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* Selecting beautiful fruits for the basket

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* My parents present this basket to Phoebe's dad

The House Buffet

The night before the formal dinner, Phoebe’s family host an outdoor buffet dinner at their family home for what feels like hordes of people.

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* Before the deluge...

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* Phoebe in white in the middle, greeting all her relatives

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* Us

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Tents were set up, tables brought in were accessorized with pink tablecloths and red plastic chairs, the cooking (including the preparation, we saw them cutting and slicing at about 3pm) was done on-the-spot, in huge woks, with gas and water tubes running all over the sidewalk.

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* Preparing food at 3pm, next to the er, lamp post and street sign

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* Frying chicken wings!

Phoebe’s brothers, in preparation for the onslaught of cars, “booked” lots with the neighbours. And there really were so many cars, after the party there was a traffic jam with cars passing within inches of each other. But I don’t think anyone really minded. That’s the nice thing about Malaysia. If we did that in Singapore, the neighbours would raise a ruckus and complain to the Prime Minister. (I suppose one could argue that in Singapore, no one would organize a party which spills into most of the neighbours' private spaces..)

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The food, was divine. Maybe because it’s piping hot, it was really excellent. Especially these chicken wings which were snatched up batch after batch, despite being fresh out of the oil and sizzling hot. KK ate tons.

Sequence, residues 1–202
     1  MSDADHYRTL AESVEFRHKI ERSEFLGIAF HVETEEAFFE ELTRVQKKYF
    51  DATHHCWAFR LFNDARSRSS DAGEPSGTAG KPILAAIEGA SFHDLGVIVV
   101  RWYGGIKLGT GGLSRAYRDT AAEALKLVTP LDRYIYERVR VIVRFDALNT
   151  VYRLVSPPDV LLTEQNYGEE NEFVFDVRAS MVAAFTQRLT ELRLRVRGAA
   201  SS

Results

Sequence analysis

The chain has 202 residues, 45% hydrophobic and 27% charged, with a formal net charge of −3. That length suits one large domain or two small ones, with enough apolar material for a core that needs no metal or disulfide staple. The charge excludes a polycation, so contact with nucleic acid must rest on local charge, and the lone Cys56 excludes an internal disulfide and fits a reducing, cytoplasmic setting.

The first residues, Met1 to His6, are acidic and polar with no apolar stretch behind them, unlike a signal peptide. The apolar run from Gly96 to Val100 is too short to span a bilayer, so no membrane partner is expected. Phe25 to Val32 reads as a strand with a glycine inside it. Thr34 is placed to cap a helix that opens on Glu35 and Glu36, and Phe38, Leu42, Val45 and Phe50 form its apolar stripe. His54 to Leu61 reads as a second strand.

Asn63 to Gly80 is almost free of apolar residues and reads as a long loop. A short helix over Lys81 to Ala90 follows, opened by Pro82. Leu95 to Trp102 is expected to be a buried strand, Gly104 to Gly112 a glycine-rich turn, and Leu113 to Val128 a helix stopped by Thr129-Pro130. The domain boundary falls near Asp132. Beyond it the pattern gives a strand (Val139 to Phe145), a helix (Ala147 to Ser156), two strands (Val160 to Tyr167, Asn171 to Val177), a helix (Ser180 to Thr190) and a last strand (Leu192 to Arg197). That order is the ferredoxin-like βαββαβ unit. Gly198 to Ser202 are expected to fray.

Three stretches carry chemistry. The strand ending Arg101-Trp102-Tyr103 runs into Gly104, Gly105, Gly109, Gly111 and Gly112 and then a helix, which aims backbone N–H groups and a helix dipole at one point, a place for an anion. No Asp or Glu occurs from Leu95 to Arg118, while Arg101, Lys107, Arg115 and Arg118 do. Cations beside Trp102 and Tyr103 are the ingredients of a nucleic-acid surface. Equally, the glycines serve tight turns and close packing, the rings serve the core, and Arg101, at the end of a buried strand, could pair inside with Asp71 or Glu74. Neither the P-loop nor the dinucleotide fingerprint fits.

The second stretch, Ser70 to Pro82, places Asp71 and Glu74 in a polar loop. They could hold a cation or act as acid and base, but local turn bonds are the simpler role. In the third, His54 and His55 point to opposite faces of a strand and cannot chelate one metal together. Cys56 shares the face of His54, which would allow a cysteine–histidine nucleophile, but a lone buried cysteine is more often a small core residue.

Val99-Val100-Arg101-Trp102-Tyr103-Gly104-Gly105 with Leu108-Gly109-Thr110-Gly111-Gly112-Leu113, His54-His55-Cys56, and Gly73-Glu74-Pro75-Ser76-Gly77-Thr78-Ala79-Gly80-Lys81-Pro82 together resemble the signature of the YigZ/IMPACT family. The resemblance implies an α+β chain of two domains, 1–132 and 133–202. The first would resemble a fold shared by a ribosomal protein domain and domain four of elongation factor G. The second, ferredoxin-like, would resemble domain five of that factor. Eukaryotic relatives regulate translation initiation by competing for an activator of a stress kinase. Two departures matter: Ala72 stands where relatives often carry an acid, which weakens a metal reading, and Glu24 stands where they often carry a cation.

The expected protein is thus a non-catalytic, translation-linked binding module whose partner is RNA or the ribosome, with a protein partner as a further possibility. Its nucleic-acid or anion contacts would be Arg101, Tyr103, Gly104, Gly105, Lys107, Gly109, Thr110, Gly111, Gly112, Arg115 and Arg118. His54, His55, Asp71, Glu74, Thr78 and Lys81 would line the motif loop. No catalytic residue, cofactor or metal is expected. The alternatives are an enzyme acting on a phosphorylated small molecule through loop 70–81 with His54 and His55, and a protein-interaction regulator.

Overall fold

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The Dinner

The wedding dinner was at a Chinese restaurant which wasn't an ordinary restaurant, it looked as if it had been built for events. 

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It had a cavernous ceiling and no pillars, with an enormous stage and what looked to be a super-bright LED screen on which Choon and Phoebe’s wedding photos were beamed with crystal-clear clarity.

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* I wrote that board!

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* The unforgettable first-dish song, which was so blaringly loud it caused quite a few guests to clap their hands over the ears

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* Our menu, which I can't read. But food was great

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Por Por was asked to sing a song at the last-minute. She showed off her karaoke chops with Shanghai Beach.



Phoebe’s father, we find out, is also a karaoke fan. He showed off his vocal prowess with Cao Yuan Zhi Ye.

Thursday, June 22, 2017

housework

Its apparent from the Holiday Housework Tally that each of them gravitates towards certain chores.

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Not surprisingly, Day ends up cooking a lot.

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* Removing the skin from the chicken

He’s also the one who ends up doing the hardest chores which no one else wants to do, like washing up a sinkful of oily dishes and food scraps.

I know that whatever household chore I ask Day to do, he will get to it without complaint.

Jo does not like housework. Most times, she will never do what I ask her to do.

The two “Js” under vacuuming were self-assigned chores. She decided to vacuum because she realized she was losing out to her siblings in the housework “competition”. Vacuuming is also easy and fun, ever since we got the vacuum “gun”.